Alexander G. Horn, editor of the Quitman Intelligencer, was a target as was Lauderdale County's Representative to the Mississippi Legislature, Wesley W. Hall. [Edmiston, 97]   No doubt A. G. Horn, who would later publish the Meridian Mercury and provide key testimony in the investigation into the Meridian Riot of 1871, had fired off a volley in the direction of Marion as was the custom of frontier editors.  The various verbal salvos between the area editors were designed for the largest part to sell newspapers or to encourage county residents to consider topics of local or area interest more closely.

True to form, Rea often praised the town of Marion and was delighted with the prospects of the coming Mobile and Ohio railroad.  He believed that when the road passed through Marion, it would be a boon to the newspaper business which would them have access to news from around the country in a minimum amount of time.

Unfortunately in 1855, the M&O Railroad would miss the little, but until then booming, town by two miles to the west.  During a period when travel was difficult, the result would be that a new town would spring up along the railroad right-of-way.  First called Marion Station then, for a brief time, Stonewall, the new town finally took the name of it's nearby predecessor as the original town began to wither and die, becoming simply Marion.  The true impact was, however, yet to be felt in the community.  In the beginning, when upstart Marion Station was founded, it was dealt with by Rea and his law partner simply and efficiently by opening a second office in Marion Station.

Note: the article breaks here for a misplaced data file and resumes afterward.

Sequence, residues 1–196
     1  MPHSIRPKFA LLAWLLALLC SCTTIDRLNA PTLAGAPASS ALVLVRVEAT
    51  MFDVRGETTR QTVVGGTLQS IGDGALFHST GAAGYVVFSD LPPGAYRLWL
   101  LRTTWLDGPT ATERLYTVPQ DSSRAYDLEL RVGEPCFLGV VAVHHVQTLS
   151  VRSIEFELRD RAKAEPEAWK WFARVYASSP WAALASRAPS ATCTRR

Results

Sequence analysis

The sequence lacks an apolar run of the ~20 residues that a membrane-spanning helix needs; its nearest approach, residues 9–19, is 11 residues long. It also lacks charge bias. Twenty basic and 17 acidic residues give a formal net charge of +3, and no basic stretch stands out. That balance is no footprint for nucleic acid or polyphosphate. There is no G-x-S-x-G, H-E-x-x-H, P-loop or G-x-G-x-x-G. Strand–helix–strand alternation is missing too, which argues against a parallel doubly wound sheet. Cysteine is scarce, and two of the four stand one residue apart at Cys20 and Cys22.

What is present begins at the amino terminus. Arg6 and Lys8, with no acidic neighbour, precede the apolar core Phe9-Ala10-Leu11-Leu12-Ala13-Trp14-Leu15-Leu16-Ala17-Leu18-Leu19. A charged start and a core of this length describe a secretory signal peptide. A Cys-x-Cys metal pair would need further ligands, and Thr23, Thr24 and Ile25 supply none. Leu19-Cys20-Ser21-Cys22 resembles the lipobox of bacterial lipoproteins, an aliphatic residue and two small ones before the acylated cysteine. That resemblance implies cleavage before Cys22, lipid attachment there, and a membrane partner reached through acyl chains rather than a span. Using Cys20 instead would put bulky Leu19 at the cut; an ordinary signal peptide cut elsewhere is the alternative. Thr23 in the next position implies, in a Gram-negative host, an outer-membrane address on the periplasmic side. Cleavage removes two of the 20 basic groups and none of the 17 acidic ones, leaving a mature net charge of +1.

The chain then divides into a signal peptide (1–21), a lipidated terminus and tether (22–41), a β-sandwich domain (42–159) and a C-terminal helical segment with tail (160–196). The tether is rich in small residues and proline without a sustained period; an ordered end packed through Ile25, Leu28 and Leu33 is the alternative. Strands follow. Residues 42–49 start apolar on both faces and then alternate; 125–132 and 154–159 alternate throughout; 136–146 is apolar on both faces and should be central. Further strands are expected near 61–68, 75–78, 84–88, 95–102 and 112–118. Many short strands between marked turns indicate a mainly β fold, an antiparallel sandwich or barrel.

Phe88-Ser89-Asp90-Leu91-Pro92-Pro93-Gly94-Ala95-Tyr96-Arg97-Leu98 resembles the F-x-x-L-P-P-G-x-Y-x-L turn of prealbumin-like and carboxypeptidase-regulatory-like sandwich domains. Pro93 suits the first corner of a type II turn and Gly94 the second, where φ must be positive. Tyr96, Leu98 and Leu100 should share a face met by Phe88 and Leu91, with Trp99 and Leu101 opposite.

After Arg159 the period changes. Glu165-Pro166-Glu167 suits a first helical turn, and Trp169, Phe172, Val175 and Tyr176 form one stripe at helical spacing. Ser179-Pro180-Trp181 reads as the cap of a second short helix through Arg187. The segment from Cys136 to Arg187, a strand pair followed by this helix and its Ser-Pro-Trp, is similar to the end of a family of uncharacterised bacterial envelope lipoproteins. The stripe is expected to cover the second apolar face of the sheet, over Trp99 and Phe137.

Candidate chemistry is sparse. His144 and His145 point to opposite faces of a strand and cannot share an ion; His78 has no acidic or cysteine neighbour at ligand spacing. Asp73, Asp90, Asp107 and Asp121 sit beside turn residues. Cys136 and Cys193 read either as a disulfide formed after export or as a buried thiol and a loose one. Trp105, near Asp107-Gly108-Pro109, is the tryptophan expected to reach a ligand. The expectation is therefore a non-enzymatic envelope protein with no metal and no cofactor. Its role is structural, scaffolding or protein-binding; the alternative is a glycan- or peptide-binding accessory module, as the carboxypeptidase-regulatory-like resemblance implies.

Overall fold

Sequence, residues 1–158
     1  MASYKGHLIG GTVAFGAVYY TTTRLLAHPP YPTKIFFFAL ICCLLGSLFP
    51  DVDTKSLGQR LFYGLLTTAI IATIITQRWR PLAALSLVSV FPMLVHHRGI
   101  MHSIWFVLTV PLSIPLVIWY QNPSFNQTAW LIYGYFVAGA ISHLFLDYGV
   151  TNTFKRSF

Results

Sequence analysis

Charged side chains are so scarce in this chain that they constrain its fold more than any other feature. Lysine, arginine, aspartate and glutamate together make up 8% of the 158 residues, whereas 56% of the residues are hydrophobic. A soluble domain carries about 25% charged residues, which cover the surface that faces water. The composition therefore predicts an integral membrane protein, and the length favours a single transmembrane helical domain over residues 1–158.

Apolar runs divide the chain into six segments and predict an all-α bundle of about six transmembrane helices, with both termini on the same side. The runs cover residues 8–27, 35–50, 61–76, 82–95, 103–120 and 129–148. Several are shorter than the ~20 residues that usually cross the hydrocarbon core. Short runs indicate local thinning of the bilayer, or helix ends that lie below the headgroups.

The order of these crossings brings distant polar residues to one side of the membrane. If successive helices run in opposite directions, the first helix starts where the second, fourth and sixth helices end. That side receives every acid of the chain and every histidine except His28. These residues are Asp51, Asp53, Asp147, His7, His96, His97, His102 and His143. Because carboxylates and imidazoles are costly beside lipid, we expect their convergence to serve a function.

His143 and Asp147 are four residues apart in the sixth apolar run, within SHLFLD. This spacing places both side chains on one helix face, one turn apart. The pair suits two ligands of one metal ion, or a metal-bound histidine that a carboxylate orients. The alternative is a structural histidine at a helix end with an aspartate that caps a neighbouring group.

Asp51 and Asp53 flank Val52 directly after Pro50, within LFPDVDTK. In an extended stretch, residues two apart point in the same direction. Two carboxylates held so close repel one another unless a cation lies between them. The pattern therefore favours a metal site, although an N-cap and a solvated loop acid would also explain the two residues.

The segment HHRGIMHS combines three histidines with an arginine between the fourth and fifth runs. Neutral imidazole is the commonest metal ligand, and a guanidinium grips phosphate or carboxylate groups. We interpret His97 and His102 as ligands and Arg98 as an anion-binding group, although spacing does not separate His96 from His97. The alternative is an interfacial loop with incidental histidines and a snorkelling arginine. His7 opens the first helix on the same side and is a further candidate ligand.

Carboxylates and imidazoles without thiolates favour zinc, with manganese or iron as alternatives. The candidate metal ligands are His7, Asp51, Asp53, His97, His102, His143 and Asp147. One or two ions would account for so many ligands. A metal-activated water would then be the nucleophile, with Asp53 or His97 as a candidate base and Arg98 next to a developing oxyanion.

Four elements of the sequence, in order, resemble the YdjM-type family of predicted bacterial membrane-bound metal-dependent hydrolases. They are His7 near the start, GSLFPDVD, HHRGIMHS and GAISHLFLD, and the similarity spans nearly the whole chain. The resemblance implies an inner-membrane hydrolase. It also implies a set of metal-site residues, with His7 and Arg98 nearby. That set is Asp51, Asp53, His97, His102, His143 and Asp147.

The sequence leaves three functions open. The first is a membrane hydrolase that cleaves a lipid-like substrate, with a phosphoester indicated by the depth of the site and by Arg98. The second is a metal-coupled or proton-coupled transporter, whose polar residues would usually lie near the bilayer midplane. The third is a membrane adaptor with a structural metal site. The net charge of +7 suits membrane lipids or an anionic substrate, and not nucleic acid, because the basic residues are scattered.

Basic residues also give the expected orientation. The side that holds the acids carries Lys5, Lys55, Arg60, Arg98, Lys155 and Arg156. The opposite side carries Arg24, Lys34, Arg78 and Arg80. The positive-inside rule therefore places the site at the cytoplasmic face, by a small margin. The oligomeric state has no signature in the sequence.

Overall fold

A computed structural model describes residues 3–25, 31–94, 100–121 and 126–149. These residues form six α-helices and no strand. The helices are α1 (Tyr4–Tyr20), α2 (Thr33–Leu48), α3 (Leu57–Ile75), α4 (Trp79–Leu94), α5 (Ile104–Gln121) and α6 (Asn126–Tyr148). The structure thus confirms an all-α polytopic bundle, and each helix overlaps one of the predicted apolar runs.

In a departure from the norm, Rea was not above using the resources of the media to defend himself when unfairly accused.  The issues between Mississippi Representative W. W. Hall and Rea began over Hall's accusation that Rea had been sending a series of demeaning and vulgar letters to his wife.  Rea, already displeased with Hall's politics, fired off a scorching editorial calling Hall a "liar, scoundrel and slanderer."  [Edmiston, 98] Hall eventually backed away from his charges, insisting that he had never said that Rea was the source of the unwelcomed letters.  Rea remained annoyed with Hall and before dismissing the issue, went on to say of Hall, "Though a slanderer, he has not sense enough to tell a plausible story.  He lacks every other qualification of an accomplished villain, except the inclination; that he has to a greater extent than John A. Murrell ever had."  Murrell was a well-know outlaw and highwayman from two decades earlier.  Even in his ire, Rea's wit and hyperbole shine through the remark.